Innovation Policy Instruments
AbstractThe Lisbon Agenda that was launched in 2000, and had a set time-period of ten years. The purpose of the Lisbon Agenda was to make the EU the most competitive, knowledge-based economy in the world, and at the same time preserving, or even improving social cohesion and maintain environmental sustainability. The Lisbon Agenda had a large number of goals, in both quantified and qualified measures, in different areas. The main instrument that was put forward was the open method of co-ordination (OMC) that includes indicators, benchmarking, peer pressure, and best practise demonstrations. The forthcoming Lisbon Agenda will certainly need new approaches, and new instruments. One of the areas of instruments that can be further explored is innovation policies where the use of R&D and human capital is enhanced. Human capital is a natural part of a knowledge-based economy, and has positive impacts on growth, and jobs in the economy. Innovation policy instruments are diversified and are integrated in many areas of an economy and on many levels, which make them ideal for the next Lisbon Agenda. The instruments can have a general or specific characteristics and some span over the two characteristics.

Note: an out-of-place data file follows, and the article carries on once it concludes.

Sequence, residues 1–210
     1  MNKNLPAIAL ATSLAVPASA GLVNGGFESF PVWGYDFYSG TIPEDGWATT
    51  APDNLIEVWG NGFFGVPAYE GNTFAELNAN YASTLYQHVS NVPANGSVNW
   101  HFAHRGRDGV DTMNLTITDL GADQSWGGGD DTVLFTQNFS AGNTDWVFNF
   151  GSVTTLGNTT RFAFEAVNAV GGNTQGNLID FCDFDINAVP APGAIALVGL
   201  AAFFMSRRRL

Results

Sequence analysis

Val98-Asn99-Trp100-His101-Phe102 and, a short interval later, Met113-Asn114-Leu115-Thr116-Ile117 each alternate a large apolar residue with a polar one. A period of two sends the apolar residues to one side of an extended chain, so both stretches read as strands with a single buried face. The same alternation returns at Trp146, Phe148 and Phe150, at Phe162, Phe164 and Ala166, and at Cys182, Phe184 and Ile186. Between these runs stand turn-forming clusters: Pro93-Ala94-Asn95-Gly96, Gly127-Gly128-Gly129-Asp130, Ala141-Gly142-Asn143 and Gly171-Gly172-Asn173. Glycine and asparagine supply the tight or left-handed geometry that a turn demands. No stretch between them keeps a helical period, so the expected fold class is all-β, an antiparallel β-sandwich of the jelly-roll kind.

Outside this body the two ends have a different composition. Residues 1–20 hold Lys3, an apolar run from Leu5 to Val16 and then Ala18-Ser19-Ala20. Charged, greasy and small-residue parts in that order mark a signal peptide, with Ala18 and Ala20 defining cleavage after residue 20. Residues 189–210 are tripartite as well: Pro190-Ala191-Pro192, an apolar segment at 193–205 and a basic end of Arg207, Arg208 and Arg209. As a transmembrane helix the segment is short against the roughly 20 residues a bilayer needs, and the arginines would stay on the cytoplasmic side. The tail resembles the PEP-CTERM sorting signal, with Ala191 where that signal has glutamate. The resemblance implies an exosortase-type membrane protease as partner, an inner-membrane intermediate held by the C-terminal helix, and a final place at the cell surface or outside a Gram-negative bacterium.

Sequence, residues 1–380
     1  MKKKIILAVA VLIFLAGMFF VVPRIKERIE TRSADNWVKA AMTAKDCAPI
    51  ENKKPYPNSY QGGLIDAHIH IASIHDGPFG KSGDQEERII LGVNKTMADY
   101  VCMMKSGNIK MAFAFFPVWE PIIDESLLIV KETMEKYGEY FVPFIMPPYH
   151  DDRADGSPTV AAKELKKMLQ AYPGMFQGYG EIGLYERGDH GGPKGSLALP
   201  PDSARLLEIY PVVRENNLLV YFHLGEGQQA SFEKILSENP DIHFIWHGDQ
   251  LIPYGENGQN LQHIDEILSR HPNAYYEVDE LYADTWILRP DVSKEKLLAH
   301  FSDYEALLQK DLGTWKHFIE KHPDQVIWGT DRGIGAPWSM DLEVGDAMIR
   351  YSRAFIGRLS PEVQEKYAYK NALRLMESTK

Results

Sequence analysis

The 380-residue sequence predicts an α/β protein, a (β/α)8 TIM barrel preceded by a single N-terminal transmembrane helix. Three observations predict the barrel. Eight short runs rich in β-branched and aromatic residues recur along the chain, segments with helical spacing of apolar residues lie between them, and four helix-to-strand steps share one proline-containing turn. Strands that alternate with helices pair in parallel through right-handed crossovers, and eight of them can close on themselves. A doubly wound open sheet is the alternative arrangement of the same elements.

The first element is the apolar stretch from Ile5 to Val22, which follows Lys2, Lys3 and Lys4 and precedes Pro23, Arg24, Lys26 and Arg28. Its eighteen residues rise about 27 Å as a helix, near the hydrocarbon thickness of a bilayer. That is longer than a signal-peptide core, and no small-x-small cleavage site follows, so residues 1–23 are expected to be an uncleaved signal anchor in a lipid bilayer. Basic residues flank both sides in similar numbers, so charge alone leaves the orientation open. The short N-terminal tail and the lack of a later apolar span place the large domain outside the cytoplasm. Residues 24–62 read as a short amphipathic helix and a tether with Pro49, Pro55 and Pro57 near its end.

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Bibliographic InfoPaper provided by Royal Institute of Technology, CESIS - Centre of Excellence for Science and Innovation Studies in its series Working Paper Series in Economics and Institutions of Innovation with number 105.
Length: 32 pages
Date of creation: 11 Dec 2007
Date of revision:
Contact details of provider:
Postal: CESIS - Centre of Excellence for Science and Innovation Studies, Royal Institute of Technology, SE-100 44 Stockholm, Sweden
Phone: +46 8 790 95 63
Web page: http://www.infra.kth.se/cesis/
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Lisbon Agenda; innovation policy instruments; beyond Lisbon 2010;
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- Bernd Ebersberger, 2011. "Public funding for innovation and the exit of firms," Journal of Evolutionary Economics, Springer, vol. 21(3), pages 519-543, August.
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